After 50 years, Grove Avenue Baptist's weekly broadcast has become Sunday morning for 10,000 people. 

Spirit on the Air

Live, from Grove Avenue Baptist Church in Richmond — it's the Victory Hour," the narrator announces — and then his voice speeds up into gibberish.

Media minister Mark Jenkins is doing a test run of the intro sequence to make sure all is ready to go here in the church's studio, 45 minutes before the 11 a.m. service begins. He speaks into his headset microphone, making sure the cameras are in place.

"He will be calling the shots this morning," says Olga Skorackyj, who has been a volunteer behind the scenes of the Victory Hour for 20 years. She's busy pasting scripture from a program called PC Bible into a character generator, which will flash text onto the screen as the pastor speaks. "They say hearing and seeing helps people to retain it," she explains.

Now she's clicking on John 14:1-3 NIV. "Do not let your heart be troubled," it begins — and indeed, although the control room is humming with activity, no one seems worried. No matter what happens, the show will go on, just as it has every Sunday for the past 50 years.

Since Jan. 13, 1952, the church's Sunday service has been on television, making it the longest-running live Christian broadcast in America. It's even a day older than NBC's venerable "Today" show, says Skorackyj. "They started on Monday, we started on Sunday before. Isn't that something?" she says.

First WTVR-TV 6, then WWBT-TV 12, broadcast the service in the Richmond area. The Victory Hour is now shown throughout Virginia on 54 cable stations, reaching 10,000 to 12,000 viewers each week. It's nothing fancy, with no slick side effects. But it's an essential part of Grove Baptist's mission, says Mark Jenkins. The title of media minister has become increasingly common, he says — "The Information Age has come to churches."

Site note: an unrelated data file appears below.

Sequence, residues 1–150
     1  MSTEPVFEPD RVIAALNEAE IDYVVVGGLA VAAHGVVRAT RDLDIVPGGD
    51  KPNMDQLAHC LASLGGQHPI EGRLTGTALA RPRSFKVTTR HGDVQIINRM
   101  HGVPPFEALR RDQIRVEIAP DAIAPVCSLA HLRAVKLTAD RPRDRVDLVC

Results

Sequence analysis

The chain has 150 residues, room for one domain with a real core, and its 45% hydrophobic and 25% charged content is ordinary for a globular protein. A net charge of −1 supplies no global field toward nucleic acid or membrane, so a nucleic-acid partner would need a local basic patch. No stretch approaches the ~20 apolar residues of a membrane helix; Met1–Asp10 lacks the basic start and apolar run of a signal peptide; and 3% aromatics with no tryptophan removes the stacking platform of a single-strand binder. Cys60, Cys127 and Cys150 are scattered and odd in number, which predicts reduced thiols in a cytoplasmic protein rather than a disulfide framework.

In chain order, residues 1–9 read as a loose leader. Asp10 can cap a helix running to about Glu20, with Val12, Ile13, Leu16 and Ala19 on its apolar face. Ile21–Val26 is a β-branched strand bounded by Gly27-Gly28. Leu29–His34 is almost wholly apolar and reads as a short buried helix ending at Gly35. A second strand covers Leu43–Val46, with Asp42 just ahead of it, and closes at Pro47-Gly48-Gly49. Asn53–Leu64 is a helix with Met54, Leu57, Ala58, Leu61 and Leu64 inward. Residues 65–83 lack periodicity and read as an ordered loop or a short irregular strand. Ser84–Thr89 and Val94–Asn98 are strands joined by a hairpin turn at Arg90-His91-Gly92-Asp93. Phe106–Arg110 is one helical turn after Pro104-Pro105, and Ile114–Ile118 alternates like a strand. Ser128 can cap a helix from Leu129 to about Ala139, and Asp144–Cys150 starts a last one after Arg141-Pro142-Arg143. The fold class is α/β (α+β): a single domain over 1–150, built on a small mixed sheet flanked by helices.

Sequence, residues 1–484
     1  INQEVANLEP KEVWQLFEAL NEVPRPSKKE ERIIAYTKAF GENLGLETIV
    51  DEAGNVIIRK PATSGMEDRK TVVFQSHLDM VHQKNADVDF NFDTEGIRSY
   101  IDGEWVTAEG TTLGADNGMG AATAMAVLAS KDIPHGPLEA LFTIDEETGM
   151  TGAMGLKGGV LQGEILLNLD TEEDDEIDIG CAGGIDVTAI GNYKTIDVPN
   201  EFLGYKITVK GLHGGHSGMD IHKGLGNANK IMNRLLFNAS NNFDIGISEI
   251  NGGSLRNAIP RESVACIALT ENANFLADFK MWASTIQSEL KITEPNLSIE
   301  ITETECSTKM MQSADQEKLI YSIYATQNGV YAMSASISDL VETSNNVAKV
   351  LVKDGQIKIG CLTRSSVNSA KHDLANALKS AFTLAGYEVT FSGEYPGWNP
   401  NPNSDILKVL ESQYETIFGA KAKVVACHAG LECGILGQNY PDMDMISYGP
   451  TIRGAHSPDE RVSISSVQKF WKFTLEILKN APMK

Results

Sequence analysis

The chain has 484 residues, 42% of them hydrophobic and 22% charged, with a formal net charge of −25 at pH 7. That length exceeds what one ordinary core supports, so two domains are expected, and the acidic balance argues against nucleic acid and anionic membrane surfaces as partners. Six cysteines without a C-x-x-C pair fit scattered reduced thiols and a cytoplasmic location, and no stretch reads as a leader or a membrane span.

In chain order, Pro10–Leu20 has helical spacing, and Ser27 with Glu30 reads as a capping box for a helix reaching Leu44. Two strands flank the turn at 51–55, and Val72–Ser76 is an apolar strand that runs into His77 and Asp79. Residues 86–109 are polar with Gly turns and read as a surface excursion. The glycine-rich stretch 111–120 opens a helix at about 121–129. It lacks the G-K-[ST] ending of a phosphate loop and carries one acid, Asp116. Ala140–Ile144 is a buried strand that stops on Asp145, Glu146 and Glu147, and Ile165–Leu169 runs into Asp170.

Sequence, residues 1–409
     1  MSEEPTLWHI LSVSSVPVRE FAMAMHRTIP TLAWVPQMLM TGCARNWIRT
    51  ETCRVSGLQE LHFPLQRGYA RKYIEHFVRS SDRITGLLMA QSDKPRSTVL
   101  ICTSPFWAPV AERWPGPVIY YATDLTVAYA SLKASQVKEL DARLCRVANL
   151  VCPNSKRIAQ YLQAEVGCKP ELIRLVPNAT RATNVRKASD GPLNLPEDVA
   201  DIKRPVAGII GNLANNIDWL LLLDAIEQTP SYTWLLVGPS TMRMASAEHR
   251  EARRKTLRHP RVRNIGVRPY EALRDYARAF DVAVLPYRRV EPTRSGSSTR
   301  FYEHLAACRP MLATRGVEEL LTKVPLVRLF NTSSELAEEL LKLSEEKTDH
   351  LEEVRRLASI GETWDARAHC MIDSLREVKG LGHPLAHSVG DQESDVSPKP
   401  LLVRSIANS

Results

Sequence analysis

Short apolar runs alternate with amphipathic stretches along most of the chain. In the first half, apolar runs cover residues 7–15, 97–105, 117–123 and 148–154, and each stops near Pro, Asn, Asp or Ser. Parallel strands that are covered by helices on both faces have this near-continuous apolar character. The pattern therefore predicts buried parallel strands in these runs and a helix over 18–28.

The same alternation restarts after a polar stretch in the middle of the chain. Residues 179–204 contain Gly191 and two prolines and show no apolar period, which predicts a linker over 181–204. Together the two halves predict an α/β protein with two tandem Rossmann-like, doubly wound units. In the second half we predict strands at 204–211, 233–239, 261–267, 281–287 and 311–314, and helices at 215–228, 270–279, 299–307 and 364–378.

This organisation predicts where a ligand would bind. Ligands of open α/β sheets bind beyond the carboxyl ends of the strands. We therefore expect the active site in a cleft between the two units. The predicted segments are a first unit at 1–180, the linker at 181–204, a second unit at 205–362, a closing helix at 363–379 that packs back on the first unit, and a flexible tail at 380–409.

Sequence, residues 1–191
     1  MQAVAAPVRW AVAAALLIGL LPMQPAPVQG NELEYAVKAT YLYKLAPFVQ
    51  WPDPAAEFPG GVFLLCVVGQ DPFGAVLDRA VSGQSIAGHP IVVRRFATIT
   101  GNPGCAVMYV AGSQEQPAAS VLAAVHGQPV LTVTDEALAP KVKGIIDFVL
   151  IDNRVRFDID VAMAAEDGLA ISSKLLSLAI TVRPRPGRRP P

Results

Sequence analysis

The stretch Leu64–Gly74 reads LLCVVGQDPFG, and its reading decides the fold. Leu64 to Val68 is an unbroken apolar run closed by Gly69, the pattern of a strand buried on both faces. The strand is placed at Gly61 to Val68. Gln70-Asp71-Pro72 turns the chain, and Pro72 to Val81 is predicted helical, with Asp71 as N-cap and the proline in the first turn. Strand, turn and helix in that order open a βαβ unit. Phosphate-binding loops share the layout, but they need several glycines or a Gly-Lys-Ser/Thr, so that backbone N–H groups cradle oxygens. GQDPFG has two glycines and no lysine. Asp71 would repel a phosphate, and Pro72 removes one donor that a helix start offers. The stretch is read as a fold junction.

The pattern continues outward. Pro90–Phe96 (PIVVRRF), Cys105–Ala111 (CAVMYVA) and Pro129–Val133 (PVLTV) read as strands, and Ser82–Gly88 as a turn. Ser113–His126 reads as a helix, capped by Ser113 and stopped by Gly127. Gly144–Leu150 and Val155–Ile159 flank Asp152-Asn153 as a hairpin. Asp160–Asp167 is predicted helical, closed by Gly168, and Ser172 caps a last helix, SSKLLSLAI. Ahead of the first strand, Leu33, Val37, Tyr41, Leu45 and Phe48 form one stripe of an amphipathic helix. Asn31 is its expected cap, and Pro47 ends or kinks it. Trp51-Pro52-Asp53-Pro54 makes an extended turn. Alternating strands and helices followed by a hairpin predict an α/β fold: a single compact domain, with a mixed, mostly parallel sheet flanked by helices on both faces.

That's easy to see in Grove Avenue's high-tech media center, with its monumental mixing board and bank of 12 video monitors. Almost everything has been donated, Jenkins says, which is lucky for the church. "The facility we're running right now — if you had to go out and buy it — let's see…" He pauses for a minute. "I'd say you probably have a quarter-million in video equipment and another $200,000 for the sound equipment. We're probably about a half-million [dollar] media facility here."

Of course, advanced technology doesn't mean everything always goes smoothly. Volunteers now laugh about all the small catastrophes over the decades. Once they lost power. Once a snowstorm kept all but nine people from attending church — and five promptly went to work to get the service on the air. Once, "we had a light bulb explode and catch on fire and come down," recalls Terrie Jenkins, Mark's wife.

"It was like fireworks from heaven," adds Dale Mise. She's been on the camera switcher for 10 years.

They say they hope nothing like that will happen on the 50th anniversary date, Jan. 13, 2002. But all the volunteers are calm. They explain how, after a decade or more of seeing the service through lenses and monitors, you get into the swing, into the rhythm of the work. The camera panning, switching and sound-mixing seems like second nature.